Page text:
(July 28, 2021) Webinar: Applications Overview Using Low Field MRI To Study Research Areas Such as Cancer, Brain, and CNS

Key Features

  • The versatility of the M-Series™
  • Use for Cancer, brain, and CNS studies
  • Non-biological scans or scans “outside the box” in nature
  • Ease of use of the M-Series™ acquisition software

Key Applications

  •  2D and 3D anatomical and morphological images for in vivo assessment of a variety of organs, tissues, and disease states.
  • Provides enhanced tumor visualization compared to higher field systems
  • Anatomical images may be acquired on the brain and spinal cord
  • The key sequences on the M-series™ systems allow for both cardiac and respiratory gating, allowing for the acquisition of cine images to quantify cardiac function.
  • Multi-modal images combine MRIs strengths in soft tissue imaging with the additional information obtained with the added imaging modality.

About Rutgers Molecular Imaging Center and the Aspect M2

The Rutgers Molecular Imaging Center received the Aspect M2 in the summer of 2012. With the versatility of the M2, a wide range of studies and over 85000 scans have been completed at the center. We have had conventional scans such as cancers, traumatic brain injuries, contrast agents, and other biologicals. The center has also reviewed items such as flow measurements of toothpaste, water filters in action, and pills breaking down during digestion. Please join us as we review examples of the various scans completed here at Rutgers University.

The Rutgers Molecular Imaging Center received the Aspect M2 in 2012. Since the M2’s arrival, it has been one of the most utilized instruments at our center. As of May 1st, 2021, the instrument has seen over 6900 hours of use generating 450 projects/patient files comprising a total of over 85,000 scans. Since the M2 was installed, a combination of 60 departments (over 100 researchers) from multiple universities and pharmaceutical companies have had scans completed at Rutgers. At least ten users from five different departments have been trained over the years to independently run the MRI. This webinar will highlight some of the scans completed here at the center.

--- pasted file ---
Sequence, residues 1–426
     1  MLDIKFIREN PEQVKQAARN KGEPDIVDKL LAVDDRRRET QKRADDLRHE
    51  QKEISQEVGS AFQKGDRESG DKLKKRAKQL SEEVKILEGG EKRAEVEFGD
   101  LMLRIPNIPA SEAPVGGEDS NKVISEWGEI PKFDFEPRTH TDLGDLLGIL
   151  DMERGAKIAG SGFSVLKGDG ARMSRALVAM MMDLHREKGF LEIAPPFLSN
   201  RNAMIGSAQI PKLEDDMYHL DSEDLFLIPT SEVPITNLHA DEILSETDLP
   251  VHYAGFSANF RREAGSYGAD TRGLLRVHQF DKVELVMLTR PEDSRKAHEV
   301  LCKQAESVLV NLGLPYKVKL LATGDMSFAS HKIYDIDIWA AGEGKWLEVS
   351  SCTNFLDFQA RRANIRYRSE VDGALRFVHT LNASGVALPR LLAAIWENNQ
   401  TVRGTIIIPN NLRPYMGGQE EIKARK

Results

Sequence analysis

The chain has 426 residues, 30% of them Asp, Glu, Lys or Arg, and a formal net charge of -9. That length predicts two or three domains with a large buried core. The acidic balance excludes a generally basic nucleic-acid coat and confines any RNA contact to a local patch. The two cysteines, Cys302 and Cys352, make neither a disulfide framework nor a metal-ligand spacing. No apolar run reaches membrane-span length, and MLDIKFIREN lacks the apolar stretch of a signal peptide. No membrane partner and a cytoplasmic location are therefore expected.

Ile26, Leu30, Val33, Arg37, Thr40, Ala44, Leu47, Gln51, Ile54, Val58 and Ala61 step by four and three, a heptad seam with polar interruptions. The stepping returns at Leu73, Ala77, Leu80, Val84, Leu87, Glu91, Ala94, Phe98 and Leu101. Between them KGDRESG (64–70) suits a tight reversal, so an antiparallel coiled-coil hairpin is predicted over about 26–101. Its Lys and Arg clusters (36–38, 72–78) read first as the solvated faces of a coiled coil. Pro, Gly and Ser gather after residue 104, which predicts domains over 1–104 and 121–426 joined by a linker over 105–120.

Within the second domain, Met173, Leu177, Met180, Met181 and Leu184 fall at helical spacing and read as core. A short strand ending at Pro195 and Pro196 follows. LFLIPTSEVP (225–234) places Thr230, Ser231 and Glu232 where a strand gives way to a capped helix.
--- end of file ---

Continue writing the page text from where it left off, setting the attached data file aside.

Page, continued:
One major focus of the center has been the brain and central nervous system. Some examples are the following: Longevity scans of Traumatic Brain Injury have been completed using the Mouse Brain Coil. For another TBI investigator project, leakage into the ventricles post-injury has been tracked with the use of positive contrast agents. Negative contrast agents have been utilized to track stem cells traveling from the lower vertebrae up the spine to points of injury or accumulating around damage in the brain. Changes to the brain following low levels of radiation exposure have been observed using the rat coil. Spontaneous paralysis was reviewed when phenotyping a new mouse strain. A wound healing model tracked the progress of recovery within a spinal injury model.

A second important focus involves cancer models actively scanned at Rutgers. Multiple investigators track the progress of lung cancer and its metastasis. Another investigator tracked cancers in the liver through an interesting negative contrast technique.  One Cancer Institute of NJ investigator tracked prostate growth in the same mice for up to two years. Yet another research group tracked an aggressive lymphoma on a weekly basis. Other interesting cancer scans that have been recorded are tumors in the bone, under the tongue, breast duct, uterus, just to name a few of the ones scanned at the center.

Other examples of interesting MRI scans completed here at our center include Fibrosis of the lungs post-exposure to vesicants and the healing over time. Flow measurements of toothpaste and experiments with the uptake of heavy metals through filtration were completed in the M2. The breakdown of pills in mock digestive fluids over time were observed. Bladder stones and severe hydronephrosis of the kidney were tracked in mice. All of these scans were completed due to the versatility and ease of use of the M2 software.

Learning Objectives:

  • The versatility of the M2
  • Use for cancer, brain, and CNS studies
  • Non-biological scans, or scans “outside the box” in nature
  • Ease of use of the M2 acquisition software
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